G055 is the 55th green turtle we encountered at Alagadi and we have been monitoring her since 1995, so it is likely that she is over 50 years old now. In 1999 we tracked G055 to Egypt where she seemed to be resident, although the tag failed early. In 2003 she was back, and this time we tracked her to Libya. Two decades on, in June 2022, we noticed G055 was back at Alagadi. We therefore are excited to be able to attach a GPS transmitter and dive data logger during her final nest, to see whether she remains faithful to her old foraging site in Libya’s Gulf of Sirte. G055 was adopted in 2022 by the family of Katie Devlin to whom we are very grateful, and who named G055 Katie. Follow Katie here and use this link to share her progress
The moment the transmitter was attached to Katie (G055) on Thursday, 29 July2022 (Photo: Olkan Ergüler).
Katie loved Northern Cyprus and visited often. She felt it was her second home as everyone was so friendly and welcoming.
One trip she visited the SPOT turtle conservation centre and watched a loggerhead lay her eggs on the beach, she was hooked, all she talked about was the turtle work and followed SPOT on Facebook with the intention to visit again and see how she could help. Unfortunately, due to illness, she was never able to make that journey and she passed away in 2021. It seemed fitting as a family that we raise money in her name and have used this to sponsor a turtle through SPOT. To be able to track Katie turtle on her travels is going to be a huge comfort for the family and our small part in carrying out her wishes.
Safe journey Katie, we can’t wait to try and meet you next time you come into Alagadi beach.
The Devlin Family.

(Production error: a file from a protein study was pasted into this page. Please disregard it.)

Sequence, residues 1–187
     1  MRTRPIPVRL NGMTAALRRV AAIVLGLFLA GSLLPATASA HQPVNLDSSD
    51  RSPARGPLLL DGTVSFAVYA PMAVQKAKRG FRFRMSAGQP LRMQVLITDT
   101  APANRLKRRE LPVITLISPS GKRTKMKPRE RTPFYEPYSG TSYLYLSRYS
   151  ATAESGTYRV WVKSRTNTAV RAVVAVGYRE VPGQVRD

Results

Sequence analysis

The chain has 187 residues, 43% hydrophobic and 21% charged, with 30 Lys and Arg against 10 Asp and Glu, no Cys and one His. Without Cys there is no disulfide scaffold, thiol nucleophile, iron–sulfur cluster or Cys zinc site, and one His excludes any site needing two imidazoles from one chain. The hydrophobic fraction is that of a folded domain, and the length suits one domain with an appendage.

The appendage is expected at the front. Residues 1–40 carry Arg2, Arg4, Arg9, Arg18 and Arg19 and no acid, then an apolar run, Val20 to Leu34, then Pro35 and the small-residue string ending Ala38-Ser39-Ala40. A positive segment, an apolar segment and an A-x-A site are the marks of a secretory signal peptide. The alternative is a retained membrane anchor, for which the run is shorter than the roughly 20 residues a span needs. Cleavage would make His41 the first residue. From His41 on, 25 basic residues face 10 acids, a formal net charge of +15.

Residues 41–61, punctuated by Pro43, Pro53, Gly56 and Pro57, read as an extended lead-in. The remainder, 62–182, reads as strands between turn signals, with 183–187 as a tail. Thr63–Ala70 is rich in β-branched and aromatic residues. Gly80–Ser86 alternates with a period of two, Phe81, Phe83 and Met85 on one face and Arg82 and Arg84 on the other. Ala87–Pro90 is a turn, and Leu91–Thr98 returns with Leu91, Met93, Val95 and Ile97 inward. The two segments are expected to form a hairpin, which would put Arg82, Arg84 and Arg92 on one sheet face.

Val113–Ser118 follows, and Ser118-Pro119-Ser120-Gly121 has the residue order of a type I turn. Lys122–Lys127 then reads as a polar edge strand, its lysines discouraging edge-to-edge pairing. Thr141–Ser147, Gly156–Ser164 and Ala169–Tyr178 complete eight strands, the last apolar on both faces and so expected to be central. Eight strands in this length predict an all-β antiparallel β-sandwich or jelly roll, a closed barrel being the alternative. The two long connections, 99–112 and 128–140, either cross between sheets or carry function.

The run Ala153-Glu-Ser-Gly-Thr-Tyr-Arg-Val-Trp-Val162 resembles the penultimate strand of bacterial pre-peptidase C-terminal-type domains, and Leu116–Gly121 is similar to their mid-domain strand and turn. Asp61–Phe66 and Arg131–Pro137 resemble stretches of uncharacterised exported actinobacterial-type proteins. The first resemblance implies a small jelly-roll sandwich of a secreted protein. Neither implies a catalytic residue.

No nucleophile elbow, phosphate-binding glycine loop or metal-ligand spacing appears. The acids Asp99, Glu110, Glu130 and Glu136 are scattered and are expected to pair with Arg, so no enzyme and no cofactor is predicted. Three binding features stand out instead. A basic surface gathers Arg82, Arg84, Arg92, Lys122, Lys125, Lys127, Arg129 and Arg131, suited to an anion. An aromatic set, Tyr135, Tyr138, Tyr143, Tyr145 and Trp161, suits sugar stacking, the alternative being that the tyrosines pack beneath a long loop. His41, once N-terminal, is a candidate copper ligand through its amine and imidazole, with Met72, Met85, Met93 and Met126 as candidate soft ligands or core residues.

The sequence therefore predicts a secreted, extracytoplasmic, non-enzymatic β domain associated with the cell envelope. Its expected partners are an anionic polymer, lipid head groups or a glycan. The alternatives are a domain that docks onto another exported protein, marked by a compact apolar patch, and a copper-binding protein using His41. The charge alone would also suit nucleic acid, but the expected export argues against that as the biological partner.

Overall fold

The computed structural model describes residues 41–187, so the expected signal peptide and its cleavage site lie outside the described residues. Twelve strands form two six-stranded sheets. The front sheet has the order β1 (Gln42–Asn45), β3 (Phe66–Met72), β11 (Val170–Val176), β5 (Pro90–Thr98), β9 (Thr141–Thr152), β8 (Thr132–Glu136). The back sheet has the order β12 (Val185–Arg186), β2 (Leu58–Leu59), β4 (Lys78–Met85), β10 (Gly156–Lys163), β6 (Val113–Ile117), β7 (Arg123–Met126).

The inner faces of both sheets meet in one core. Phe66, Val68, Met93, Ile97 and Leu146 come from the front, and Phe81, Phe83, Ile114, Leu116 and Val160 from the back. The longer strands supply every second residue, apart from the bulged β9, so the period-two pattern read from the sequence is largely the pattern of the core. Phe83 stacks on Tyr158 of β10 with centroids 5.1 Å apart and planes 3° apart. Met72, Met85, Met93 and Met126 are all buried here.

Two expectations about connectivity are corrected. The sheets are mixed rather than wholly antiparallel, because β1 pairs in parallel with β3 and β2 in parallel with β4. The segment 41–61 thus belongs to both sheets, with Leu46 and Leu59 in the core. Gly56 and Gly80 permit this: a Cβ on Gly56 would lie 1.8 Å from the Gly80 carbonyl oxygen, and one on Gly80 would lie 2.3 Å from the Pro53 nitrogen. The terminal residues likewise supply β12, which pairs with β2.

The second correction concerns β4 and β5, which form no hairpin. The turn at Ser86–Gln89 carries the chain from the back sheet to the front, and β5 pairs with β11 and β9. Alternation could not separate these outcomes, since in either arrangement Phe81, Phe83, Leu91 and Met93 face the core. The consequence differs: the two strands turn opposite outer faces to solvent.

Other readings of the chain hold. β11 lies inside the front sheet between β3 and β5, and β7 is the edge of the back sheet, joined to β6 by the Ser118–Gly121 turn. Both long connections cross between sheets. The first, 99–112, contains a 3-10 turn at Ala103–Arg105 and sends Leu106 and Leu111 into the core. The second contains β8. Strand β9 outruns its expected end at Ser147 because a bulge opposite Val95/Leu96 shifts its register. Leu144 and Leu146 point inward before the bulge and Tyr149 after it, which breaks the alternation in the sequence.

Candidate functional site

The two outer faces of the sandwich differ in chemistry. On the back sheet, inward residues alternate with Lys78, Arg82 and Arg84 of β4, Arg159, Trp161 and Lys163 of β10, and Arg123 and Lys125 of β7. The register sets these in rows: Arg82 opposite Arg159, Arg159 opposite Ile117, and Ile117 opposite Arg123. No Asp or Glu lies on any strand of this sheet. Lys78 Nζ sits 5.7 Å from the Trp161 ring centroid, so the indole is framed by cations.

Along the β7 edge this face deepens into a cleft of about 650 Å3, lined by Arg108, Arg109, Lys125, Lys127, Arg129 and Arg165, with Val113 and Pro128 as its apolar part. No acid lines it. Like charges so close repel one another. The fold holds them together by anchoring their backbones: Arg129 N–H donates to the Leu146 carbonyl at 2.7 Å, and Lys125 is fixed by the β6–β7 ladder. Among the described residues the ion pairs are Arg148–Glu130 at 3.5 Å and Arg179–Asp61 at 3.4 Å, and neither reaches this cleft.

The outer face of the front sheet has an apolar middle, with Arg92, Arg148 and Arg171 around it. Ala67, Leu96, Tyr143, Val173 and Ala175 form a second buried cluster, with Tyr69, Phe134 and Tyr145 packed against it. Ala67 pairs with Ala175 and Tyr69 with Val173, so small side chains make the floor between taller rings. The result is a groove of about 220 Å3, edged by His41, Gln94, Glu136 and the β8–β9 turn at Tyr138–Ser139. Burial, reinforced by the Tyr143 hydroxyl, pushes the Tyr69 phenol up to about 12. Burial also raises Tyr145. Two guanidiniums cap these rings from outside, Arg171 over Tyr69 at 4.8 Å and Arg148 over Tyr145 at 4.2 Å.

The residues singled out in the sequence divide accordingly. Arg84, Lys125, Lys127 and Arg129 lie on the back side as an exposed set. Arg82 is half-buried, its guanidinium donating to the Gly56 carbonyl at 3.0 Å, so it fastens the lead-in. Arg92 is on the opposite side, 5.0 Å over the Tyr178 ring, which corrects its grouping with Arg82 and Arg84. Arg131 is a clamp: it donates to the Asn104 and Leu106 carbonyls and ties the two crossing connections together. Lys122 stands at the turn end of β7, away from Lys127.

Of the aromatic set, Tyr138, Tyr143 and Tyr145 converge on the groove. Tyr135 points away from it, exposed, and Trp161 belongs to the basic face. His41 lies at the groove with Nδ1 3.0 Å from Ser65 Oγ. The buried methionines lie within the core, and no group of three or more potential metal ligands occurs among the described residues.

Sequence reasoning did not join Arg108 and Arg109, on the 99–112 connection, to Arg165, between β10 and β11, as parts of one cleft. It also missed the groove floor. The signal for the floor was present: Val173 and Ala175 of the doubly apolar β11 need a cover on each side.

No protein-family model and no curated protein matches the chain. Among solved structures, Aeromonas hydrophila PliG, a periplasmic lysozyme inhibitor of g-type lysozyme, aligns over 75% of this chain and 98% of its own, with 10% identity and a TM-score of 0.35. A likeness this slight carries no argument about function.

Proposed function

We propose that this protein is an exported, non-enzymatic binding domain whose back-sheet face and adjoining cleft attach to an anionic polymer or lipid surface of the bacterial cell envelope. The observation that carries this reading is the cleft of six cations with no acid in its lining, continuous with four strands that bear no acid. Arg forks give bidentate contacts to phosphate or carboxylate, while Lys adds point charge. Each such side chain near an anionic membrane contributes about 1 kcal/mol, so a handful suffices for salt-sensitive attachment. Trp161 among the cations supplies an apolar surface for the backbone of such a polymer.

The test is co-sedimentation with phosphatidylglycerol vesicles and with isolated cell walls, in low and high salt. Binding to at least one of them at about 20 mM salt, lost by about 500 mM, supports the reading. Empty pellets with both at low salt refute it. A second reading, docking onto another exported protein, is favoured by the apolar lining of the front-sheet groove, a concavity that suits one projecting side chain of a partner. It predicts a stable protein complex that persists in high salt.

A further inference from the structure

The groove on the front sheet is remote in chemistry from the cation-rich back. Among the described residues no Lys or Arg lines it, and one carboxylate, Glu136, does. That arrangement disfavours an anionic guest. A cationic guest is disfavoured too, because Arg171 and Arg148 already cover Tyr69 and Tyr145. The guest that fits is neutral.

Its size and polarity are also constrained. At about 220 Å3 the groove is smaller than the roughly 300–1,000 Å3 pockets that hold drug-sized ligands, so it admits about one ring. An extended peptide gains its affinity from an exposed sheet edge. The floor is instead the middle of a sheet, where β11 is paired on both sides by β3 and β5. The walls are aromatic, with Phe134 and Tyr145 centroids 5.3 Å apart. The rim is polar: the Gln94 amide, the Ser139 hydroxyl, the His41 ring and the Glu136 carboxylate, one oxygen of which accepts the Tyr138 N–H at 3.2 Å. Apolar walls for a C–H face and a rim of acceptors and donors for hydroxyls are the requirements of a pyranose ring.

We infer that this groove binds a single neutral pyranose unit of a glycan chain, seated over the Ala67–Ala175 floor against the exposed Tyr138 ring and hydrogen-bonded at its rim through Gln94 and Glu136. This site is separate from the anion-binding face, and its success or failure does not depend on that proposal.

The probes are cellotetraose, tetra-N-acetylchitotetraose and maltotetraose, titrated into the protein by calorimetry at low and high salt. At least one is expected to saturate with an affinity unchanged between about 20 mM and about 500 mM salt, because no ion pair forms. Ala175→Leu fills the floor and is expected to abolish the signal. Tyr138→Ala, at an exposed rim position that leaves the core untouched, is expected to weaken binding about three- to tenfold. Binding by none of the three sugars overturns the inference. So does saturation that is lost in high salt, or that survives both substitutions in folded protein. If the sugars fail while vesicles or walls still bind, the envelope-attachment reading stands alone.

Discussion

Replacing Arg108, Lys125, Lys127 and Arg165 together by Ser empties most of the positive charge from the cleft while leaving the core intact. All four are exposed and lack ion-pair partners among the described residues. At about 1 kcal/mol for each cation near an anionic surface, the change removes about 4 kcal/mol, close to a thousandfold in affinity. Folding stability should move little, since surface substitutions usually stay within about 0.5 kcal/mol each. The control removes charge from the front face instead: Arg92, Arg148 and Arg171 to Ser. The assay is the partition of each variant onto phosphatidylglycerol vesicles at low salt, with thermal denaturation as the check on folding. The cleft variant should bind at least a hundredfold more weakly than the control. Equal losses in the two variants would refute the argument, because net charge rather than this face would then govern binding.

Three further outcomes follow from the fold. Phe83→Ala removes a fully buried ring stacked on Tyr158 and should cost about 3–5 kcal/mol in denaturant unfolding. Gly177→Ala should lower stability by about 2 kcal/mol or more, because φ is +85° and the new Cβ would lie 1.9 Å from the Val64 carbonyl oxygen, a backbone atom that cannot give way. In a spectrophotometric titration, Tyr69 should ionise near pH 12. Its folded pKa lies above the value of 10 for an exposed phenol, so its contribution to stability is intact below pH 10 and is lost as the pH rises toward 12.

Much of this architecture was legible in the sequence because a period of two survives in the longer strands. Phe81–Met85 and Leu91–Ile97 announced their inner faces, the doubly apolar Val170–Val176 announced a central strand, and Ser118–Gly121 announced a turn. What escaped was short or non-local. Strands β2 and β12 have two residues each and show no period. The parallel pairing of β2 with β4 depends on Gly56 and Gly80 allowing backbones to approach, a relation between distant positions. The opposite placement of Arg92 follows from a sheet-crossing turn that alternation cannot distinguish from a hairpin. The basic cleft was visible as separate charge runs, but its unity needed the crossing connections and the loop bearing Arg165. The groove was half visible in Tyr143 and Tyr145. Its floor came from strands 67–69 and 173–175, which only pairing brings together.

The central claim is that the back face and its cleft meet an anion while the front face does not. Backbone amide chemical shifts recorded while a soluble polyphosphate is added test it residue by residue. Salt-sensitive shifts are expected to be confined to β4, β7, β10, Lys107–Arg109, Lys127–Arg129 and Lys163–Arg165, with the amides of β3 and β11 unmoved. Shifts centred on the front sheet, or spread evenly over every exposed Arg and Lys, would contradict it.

First Tracking of Nesting Green Turtles from Karpaz Peninsula to Foraging Grounds - Funded by MAVA/p>
Marine turtles are migratory, feeding in one place and migrating, often thousands of miles, to nesting sites where they breed and lay their eggs. The sea turtle nesting beaches in North Cyprus are identified, well studied and the most important beaches are largely protected. However, after turtles leave the nesting beaches and swim away, we have little idea where they go, yet these areas are where the turtles spend most of their lives. That was until the late 1990s when we began to invest in satellite tracking. The only way that we can track a sea turtle in the open ocean is to attach a transmitter and wait for uplinks to be received. If we can find out where the turtles migrate to, we can help to reduce the threats both at that location and along their migratory pathways, through sharing data and collaboration with other countries.
Since 1998 over 100 satellite transmitters have been attached to marine turtles breeding and foraging in North Cyprus. From these studies, we now know that none of the turtles breeding in North Cyprus leave the Mediterranean. The majority migrate to the North African coast where we have identified several key foraging sites for both green and loggerhead turtles including the Nile Delta and Lake Bardawil in Egypt, the Gulf of Bomba in Libya and the Gulf of Gabes in Tunisia where many loggerheads nesting in Greece also forage. Less than 10% of those tracked stay in Cyprus post-breeding, possibly because of heavy fisheries bycatch mortalities.
You can read our published tracking studies at the scientific publications page.